JROTC Program Trains Leaders, Builds 'Family'

  • Published
  • By TSgt. Dan Heaton
  • 127th Wing Public Affairs
Editor's note: First in a two-part series about Air Force-supported youth programs near Selfridge Air National Guard Base, Mich.

Can a combat veteran and first sergeant in the U.S. Marine Corps and a high school student both have the same ideas about leadership?

Consider these comments, one from the 18-year veteran of the Marines and one from a high school junior:

"I learned when to express authority and when not to. I learned there is more than one way to be a leader and at different times you need to use different ways."


"The program gave me different experiences with different types of leaders with different styles of leadership. (It) broadened my awareness of where I wanted to go and what I wanted to be."

The first comment is from Nicholas Babu. He is in the 11th grade at Anchor Bay High School near New Baltimore, Mich. In the next school year, he is slated to serve as the cadet corps commander of the Air Force Junior Reserve Officers Training Corps, JROTC, at the school. The second is from 1st Sgt. David Auwen. He was the first cadet corps commander at Anchor Bay High when the AFROTC program was re-established there in the early 1990s. Today, he is the first sergeant of headquarters company of the 1st Battalion, 24th Marine Regiment, based at nearby Selfridge Air National Guard Base.

"Being a cadet really set me up for success early in my Marine Corps career," said Auwen, who deployed to Iraq twice. "I had already been mentored and learned from my mistakes as a JROTC cadet. That really helped me be a better Marine."

That kind of talk is music to the ears of retired Air Force Col. Jeffrey Carrothers and retired Master Sgt. Steve Wratchford, who serve as the instructors of the AFJROTC program at Anchor Bay. Not, they both quickly point out, just because Auwen is wearing a military uniform, but because he is successful in his chosen profession.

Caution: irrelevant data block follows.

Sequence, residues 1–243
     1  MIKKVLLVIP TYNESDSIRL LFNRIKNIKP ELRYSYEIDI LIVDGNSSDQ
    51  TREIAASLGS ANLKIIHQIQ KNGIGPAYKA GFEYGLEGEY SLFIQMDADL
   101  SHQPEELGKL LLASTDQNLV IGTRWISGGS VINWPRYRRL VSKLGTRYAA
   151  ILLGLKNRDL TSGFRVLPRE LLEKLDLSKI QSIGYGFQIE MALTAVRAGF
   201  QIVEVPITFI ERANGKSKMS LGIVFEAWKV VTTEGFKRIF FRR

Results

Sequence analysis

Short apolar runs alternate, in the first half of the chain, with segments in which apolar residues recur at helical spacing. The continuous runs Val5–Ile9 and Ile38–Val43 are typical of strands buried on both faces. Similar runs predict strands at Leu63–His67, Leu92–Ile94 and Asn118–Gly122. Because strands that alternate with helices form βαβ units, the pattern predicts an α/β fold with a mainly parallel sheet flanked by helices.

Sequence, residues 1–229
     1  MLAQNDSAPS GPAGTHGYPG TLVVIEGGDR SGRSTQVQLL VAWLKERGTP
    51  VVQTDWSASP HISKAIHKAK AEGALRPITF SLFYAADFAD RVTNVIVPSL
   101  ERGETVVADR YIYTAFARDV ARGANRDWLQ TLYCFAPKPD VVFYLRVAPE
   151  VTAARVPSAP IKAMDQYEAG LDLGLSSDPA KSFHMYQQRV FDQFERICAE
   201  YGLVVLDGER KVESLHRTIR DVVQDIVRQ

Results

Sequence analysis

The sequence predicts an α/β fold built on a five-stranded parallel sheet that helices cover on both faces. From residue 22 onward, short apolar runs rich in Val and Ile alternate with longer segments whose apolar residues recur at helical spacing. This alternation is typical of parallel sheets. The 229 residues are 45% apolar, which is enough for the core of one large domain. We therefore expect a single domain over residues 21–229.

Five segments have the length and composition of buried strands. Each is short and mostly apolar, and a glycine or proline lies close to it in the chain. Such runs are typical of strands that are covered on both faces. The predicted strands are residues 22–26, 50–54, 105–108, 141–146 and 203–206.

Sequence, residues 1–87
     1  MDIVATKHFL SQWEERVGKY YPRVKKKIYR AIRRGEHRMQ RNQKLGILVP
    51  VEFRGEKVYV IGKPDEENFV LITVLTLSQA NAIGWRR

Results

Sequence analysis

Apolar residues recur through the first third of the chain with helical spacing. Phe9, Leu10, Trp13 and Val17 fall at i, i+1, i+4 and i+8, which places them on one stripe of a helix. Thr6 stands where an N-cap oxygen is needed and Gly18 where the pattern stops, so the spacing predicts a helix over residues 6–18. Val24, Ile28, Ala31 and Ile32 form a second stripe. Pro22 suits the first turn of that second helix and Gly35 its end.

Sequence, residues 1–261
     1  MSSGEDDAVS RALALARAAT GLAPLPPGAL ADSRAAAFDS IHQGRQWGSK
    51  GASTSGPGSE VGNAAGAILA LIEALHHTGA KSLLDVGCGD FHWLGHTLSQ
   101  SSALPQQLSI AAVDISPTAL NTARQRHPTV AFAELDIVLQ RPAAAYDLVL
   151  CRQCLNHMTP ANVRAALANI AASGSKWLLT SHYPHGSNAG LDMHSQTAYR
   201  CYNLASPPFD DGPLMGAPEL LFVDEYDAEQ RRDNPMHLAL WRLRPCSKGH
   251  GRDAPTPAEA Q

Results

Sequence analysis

"We are not building up young people for military service, but we are building better citizens for America," said Wratchford, who has been an aerospace science instructor at Anchor Bay for 20 years. "Dave's doing it in uniform, but the goal is to make leaders in their community. We don't push kids to the military. We don't get anything extra if one of our students enlists. We work to instill leadership skills so the students can be a success in whatever lies ahead."

Just over 100 students at Anchor Bay High School are part of the AFROTC program. The students all attend one class period every day in AFROTC and are able to participate in a number of other programs run by the cadet corps, including community service projects, field trips, drill team competitions and an annual summer visit to a high ropes confidence course.

Being a cadet has helped Mae Stell - a 12th grade student and the current cadet corps commander - develop her own plan for after high school. Stell will attend Xavier University in Cincinatti, Ohio, and intends to be part of the Army ROTC program there, which will help pay for her education. She hopes to use that education to become a nurse in the military after she finishes her schooling.